For Immediate Release Contact: Sandy Galef (518) 455-5348
Assemblywoman Galef Hails Assembly Passage of Moratorium on Hydrofracking in New York State
Legislation would delay issuance of certain permits for natural gas drilling until May 2015, allowing for further research of potential health and environmental risks
(March 6, 2013) Assemblywoman Sandy Galef strongly supported a bill that passed the Assembly today calling for a moratorium on hydraulic fracturing for natural gas. This will allow for additional time to further examine the potential public health risks and environmental safety concerns associated with the new drilling techniques proposed for the state. Galef said that the legislation, A.5424-A, would delay the Department of Environmental Conservation’s issuance of certain new natural gas drilling permits in New York until May 15, 2015. The measure would also require a comprehensive health impact assessment to be completed by a SUNY school of public health, and to be made public no later than April 15, 2015.
“Last year, I took a road trip to Towanda, Pennsylvania where hydraulic fracturing was in high gear. I was surprised to find no health impact study had been done in that state. In fact, I met with a doctor from the University of Pennsylvania who was just embarking on such research and who shared that even in other states where this particular process of gas drilling was in progress, no studies had yet been conducted, save for phase one of a Colorado study, that were considered significant in the medical field. A study of human and animal health had just been completed in New York, which was the launching pad for more exhaustive studies. Some people I met there were complaining about what they believed were negative health impacts to themselves, their neighbors, and local livestock from their water supply, similar to some of the conclusions of the New York study. While there may be potential economic gain from hydrofracking in New York, I am concerned that what is proposed for the state could have harmful consequences for the health of those living and working in the state,” Galef said. “We do not have those answers yet. The Assembly’s legislation would allow additional time to assess the true public health and environmental impact of the new drilling techniques. Rushing this decision would be reckless and a disservice to hardworking New Yorkers. We need to ensure a thorough, deliberate, and unbiased analysis of this complicated and controversial issue before making a decision that could have irreversible consequences.”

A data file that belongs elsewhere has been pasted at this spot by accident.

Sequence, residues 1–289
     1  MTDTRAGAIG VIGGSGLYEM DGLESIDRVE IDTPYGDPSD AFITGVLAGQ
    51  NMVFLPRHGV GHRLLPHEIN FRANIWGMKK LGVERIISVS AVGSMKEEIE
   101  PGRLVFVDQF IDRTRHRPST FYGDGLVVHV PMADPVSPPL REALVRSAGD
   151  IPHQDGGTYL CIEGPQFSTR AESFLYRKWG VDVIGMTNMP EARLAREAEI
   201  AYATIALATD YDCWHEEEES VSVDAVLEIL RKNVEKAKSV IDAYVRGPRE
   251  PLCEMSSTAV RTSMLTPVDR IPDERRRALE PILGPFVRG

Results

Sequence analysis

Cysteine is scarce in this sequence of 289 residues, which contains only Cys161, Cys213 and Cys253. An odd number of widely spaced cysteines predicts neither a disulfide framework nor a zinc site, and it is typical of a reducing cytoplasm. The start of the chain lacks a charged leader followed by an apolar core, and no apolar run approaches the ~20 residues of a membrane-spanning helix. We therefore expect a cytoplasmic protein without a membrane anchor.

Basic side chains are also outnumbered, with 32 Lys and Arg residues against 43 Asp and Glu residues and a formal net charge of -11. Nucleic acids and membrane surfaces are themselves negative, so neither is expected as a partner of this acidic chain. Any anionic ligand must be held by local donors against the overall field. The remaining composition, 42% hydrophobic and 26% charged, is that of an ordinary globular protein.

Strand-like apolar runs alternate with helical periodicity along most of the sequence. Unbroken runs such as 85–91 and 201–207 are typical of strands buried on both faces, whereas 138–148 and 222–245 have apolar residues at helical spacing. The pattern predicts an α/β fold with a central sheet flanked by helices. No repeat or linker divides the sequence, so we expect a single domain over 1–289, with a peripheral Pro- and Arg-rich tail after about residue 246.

The measure would place a moratorium on the issuance of permits for natural gas extraction in low permeability natural gas pools, like the Marcellus and Utica shale formations. This bill would help ensure the Legislature has adequate time to review the Department of Environmental Conservation’s Supplemental Generic Environmental Impact Statement (SGEIS) once it is finalized.
Hydraulic fracturing – commonly referred to as hydrofracking – is a process used to extract natural gas by injecting a chemical cocktail and highly pressurized water into underground rock formations. Many of Galef’s constituents and environmental groups that work in and represent the area have expressed great concern that hydrofracking could contaminate clean drinking water supplies and cause damage to the surrounding environment.
“Until we have all the facts, it’s not worth putting our families and the environment in danger,” Galef said. “There is simply too much at risk.”